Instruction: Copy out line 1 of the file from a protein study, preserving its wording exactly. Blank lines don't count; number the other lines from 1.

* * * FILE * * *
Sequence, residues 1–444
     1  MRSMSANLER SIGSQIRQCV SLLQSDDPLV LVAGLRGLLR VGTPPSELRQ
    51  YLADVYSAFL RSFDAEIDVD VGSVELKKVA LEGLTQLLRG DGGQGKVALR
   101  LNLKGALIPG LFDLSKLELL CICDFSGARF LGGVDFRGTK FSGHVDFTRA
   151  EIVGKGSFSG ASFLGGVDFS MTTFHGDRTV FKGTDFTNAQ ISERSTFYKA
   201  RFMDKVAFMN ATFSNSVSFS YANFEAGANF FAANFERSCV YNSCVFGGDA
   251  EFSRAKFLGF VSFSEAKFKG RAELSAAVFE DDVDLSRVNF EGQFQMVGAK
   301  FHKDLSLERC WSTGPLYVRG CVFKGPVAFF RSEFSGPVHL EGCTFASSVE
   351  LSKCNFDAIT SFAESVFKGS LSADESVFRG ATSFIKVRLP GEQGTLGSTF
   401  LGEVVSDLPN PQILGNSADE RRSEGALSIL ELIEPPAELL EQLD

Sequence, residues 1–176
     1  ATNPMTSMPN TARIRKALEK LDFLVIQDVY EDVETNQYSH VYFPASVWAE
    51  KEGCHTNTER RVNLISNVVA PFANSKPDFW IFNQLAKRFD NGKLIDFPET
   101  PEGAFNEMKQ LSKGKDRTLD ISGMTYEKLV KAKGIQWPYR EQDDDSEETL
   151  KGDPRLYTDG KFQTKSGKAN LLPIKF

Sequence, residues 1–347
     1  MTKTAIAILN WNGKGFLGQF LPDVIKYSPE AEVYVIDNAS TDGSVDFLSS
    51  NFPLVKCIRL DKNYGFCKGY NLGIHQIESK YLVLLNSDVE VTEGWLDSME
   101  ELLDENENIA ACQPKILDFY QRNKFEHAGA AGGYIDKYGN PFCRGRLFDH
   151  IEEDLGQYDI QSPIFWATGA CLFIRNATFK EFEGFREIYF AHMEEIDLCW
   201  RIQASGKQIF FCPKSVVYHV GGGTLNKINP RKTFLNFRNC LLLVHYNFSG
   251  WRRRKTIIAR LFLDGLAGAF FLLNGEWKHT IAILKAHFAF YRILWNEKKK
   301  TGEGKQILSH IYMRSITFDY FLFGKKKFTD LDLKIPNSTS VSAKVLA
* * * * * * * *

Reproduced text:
Sequence, residues 1–444